Farm guests come in all shapes and sizes

WORTHINGTON — Mom breathed in a sigh of relief Saturday morning when she discovered she’d captured a masked bandit — rather than a single-striped bandit — in a live trap down on the family farm.

Yes, my mom took matters into her own hands when, for several nights straight, the previously unidentified bandit snuck onto the concrete patio and dined on the dry cat food meant for Tux, Cedo and Fluffy.

Not about to fatten up a raccoon — or worse yet, a skunk — the self-sufficient farm girl tried her hand at setting a live trap Friday night. She filled a can with cat food to lure in her prey and rigged up the trap, uncertain if she did it right.

The next morning, my phone rang.

“Guess what I did?” she asked with more than a hint of excitement in her voice.

When she told me about the coon she captured, I honestly couldn’t believe it. My mom? Setting a trap? It couldn’t be true!

I told her she had to take a picture of the critter. This story is bound to become family legend — it needed photographic evidence.

I was convincing; she took the photo.

When I told her I was scheduled to write a column for the paper this week and needed an idea, she groaned and said I didn’t need to write about her first trapping experience. Instead, she said I should write about Peapod.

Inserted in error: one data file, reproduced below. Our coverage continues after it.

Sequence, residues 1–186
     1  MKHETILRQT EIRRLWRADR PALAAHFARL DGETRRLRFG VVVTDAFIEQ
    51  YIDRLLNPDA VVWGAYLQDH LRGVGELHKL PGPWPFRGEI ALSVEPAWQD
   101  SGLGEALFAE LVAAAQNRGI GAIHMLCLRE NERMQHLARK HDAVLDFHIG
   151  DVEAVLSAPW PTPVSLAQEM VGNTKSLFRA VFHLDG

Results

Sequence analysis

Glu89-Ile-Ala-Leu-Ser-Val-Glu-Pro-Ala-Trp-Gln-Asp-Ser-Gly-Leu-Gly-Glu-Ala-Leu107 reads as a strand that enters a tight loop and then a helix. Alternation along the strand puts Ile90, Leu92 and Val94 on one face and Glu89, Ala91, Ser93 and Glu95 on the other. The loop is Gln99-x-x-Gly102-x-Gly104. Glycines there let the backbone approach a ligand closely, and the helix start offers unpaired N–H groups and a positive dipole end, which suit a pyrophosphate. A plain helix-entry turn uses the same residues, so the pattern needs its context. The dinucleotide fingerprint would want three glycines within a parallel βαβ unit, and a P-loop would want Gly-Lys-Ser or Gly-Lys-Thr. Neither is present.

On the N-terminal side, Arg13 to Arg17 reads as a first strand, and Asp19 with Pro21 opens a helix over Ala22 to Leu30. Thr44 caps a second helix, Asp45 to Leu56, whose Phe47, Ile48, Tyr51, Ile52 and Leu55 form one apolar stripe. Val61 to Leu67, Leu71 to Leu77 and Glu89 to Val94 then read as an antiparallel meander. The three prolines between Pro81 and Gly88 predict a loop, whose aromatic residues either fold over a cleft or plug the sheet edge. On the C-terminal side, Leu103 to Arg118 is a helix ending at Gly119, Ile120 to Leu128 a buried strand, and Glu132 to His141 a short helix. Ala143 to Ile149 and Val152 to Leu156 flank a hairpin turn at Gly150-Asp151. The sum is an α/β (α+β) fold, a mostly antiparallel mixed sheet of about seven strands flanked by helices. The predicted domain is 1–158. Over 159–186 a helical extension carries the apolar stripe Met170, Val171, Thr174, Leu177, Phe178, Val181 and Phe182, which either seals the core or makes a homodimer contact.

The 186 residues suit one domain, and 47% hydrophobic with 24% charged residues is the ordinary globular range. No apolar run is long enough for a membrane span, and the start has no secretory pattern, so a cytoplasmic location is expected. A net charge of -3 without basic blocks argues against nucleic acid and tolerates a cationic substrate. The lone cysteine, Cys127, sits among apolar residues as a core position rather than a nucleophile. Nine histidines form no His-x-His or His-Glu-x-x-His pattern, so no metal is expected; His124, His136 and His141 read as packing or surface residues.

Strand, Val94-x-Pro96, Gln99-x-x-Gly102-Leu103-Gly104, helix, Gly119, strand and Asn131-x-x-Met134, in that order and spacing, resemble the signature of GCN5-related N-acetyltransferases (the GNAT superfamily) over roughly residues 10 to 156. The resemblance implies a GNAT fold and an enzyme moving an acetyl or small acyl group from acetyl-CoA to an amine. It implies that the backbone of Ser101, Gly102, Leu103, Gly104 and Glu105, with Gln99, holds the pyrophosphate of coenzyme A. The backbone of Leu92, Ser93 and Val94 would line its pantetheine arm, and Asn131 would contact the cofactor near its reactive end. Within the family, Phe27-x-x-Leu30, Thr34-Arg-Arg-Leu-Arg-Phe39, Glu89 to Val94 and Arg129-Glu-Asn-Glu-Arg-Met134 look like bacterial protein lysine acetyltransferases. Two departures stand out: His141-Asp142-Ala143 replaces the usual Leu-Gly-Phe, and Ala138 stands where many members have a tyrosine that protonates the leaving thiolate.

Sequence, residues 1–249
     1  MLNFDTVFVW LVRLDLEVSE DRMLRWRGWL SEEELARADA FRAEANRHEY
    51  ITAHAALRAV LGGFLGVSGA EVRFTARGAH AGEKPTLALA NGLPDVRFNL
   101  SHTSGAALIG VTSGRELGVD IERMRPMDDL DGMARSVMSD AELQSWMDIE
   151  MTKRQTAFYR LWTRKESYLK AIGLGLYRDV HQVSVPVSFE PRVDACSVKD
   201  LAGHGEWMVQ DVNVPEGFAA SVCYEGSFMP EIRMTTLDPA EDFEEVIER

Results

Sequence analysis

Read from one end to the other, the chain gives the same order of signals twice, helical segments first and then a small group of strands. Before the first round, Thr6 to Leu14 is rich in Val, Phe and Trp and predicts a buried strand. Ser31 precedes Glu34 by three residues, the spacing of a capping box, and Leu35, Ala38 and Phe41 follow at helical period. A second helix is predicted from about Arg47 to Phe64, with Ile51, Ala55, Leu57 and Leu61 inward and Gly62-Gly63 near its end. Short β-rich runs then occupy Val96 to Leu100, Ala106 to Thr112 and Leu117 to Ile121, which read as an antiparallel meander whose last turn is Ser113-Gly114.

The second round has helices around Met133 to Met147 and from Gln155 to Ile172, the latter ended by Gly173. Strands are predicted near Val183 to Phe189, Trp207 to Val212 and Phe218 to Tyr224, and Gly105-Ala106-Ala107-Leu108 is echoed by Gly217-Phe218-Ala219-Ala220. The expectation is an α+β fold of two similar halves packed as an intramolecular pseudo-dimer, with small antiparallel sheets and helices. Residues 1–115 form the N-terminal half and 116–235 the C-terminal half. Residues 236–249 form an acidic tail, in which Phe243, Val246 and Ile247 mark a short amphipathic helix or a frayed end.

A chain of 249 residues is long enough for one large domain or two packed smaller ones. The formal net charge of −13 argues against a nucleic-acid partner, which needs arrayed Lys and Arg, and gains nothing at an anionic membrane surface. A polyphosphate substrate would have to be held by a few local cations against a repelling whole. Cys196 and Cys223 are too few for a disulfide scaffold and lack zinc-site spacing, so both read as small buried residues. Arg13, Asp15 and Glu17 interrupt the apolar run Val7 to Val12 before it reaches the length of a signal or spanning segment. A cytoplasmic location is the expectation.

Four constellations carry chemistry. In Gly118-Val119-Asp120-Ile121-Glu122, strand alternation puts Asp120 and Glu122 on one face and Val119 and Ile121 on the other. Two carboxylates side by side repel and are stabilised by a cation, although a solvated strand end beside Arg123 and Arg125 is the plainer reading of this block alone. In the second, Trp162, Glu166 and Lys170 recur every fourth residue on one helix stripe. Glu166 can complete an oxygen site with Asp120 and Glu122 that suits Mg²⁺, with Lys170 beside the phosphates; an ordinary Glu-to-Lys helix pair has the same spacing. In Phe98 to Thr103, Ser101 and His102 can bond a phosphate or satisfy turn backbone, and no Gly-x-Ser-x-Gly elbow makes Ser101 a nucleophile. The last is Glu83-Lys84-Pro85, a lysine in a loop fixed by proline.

Peapod is the neighborhood peacock, and by neighborhood, I mean that a neighbor bought a peacock, brought it home and it immediately took flight westward.

Mom has guaranteed it will stick around the Buntjer farm by feeding it cracked corn. The other day, she tossed out a granddaughter’s leftover chicken nuggets and Peapod ate those, too.

Through some brief research, I discovered peacocks are omnivores — they eat “almost anything: meat and vegetation,” according to birdeden.com. Included in their diet is snakes.

That alone makes me happy that mom has forged a friendship with Peapod. My weekly lawn mowing job at the farm this summer has not been interrupted by a single blood-curdling scream at the sight of a garter snake.

Peapod has taken the place of my previous protector, my lovable mutt, Molly, who was also a snake slayer. Molly, though, left the snakes laying around as “gifts.” Peapod, on the other hand, has ensured a snake-free environment of both the slithering and deceased varieties.

Peapod is a wary bird who provides frequent entertainment for my mom. The latest incident, as she described, included Peapod charging at something, and then, all of a sudden, dancing backwards as though he couldn’t get away fast enough. Mom ended up going out to explore the situation and found a wild turkey in her garden.

Peapod was attempting to be territorial, though not at all successful. The turkey moved on out of boredom rather than fear.

After we lost Dad, I thought Mom might move into town — let someone else deal with the lawn mowing, the tree trimming, the building maintenance and the garden. It’s clear, though, that the farm is where she wants to be.

With Peapod to watch, cats to feed, visits by wild turkeys and deer, farm life is far more exciting than city living — especially when you have to trap a coon once in a while.